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The gap between the availability of information in developed and developing countries in the fields of climate and meteorology is described and detailed in this report. It is based on a recent survey of scientists around the world. The information divide results from the high cost of information and lack of resources in many countries and can be compounded by language difficulties and cultural differences. This has led to the breakdown in the flow of weather and forecast data, the flow of journals to developing countries, and the flow of the results of scientific work back to these same journals from developing countries.

With the increasing electronic flow of information, many countries are also limited by costly and low-bandwidth access to the Internet. Several ideas for bridging the information divide are presented in this report, ranging from electronic distribution of journals, to increasing capacity to deal with information, to a commitment to include all users in new strategies for delivering information.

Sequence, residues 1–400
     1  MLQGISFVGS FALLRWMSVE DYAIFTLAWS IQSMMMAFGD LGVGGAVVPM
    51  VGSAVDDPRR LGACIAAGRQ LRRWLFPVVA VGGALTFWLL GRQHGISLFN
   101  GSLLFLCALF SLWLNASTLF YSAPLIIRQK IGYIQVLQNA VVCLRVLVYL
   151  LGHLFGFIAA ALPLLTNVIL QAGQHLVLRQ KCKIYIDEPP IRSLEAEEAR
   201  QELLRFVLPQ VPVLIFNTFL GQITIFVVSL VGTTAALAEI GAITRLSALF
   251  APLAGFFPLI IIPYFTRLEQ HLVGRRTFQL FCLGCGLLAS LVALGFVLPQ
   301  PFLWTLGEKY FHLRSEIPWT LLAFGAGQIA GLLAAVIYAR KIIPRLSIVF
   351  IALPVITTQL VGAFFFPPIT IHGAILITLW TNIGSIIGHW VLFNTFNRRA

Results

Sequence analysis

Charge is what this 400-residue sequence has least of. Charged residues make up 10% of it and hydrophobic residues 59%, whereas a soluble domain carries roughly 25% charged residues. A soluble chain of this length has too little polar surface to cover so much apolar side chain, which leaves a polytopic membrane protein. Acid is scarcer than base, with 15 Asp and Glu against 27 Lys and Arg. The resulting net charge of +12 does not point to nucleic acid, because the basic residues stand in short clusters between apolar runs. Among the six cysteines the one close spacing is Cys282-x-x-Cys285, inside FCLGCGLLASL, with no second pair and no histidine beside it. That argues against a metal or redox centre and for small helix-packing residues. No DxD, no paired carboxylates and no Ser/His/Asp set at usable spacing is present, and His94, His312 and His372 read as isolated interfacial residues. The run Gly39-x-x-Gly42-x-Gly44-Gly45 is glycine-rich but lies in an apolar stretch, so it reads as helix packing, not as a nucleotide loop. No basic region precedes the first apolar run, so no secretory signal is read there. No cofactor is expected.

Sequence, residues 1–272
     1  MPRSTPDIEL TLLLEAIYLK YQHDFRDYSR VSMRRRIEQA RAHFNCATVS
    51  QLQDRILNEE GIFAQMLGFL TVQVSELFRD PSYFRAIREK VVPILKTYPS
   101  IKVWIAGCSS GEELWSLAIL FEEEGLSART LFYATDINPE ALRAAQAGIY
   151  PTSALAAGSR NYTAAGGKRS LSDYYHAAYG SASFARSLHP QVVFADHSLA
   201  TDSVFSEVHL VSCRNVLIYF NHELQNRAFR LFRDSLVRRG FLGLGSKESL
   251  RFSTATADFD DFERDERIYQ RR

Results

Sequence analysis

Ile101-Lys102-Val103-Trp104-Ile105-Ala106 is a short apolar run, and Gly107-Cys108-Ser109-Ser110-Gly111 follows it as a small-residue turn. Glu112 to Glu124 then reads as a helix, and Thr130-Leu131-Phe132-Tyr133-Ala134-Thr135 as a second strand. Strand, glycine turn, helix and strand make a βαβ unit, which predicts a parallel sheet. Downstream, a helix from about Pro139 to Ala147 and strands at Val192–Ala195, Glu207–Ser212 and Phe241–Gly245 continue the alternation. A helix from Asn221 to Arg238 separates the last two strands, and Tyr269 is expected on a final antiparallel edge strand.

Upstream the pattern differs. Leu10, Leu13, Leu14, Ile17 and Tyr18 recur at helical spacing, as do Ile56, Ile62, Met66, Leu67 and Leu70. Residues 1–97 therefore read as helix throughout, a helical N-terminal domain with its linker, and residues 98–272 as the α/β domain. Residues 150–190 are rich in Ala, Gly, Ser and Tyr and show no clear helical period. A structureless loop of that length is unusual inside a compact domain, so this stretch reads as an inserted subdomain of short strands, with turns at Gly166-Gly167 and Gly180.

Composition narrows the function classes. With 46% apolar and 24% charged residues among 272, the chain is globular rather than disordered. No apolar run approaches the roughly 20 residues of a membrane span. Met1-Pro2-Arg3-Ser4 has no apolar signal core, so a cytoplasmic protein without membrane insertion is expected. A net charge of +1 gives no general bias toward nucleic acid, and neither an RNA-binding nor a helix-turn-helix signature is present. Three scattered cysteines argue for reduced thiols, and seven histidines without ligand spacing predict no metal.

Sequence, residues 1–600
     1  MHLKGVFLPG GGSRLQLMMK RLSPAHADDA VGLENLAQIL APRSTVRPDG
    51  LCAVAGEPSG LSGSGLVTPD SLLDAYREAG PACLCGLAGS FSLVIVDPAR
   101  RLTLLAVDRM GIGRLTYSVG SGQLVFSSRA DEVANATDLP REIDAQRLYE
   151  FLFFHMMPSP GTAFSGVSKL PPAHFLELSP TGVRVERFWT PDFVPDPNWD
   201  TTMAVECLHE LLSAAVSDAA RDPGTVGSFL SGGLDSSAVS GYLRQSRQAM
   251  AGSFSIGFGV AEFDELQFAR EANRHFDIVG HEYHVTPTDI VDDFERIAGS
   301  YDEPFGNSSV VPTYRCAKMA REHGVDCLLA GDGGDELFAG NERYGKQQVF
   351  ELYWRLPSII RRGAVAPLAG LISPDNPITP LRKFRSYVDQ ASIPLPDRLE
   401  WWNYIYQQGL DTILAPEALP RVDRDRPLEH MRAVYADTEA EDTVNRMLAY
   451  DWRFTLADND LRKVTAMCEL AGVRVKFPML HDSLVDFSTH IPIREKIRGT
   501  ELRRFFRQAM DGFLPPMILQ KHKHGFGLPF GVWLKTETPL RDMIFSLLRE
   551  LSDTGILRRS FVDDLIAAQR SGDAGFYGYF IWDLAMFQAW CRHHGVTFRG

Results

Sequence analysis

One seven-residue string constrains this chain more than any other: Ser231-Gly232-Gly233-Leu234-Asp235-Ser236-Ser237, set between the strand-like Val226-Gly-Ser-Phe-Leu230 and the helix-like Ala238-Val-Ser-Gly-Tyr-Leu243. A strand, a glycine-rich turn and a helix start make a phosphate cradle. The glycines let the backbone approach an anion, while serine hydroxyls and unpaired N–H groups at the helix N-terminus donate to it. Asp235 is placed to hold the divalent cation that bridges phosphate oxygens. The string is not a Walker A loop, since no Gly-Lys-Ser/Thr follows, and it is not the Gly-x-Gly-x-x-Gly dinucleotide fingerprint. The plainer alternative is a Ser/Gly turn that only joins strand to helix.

Dr. Andrew Gettelman conducted this study during 2001-2002, combining visits to eight developing countries with a survey of 50 scientists and journal editors around the world. The study characterizes the information divide and provides some suggestions for bridging it. It is available here in HTML and PDF. Another version of the report is scheduled to appear in the Bulletin of the American Meteorological Society during the summer of 2003.

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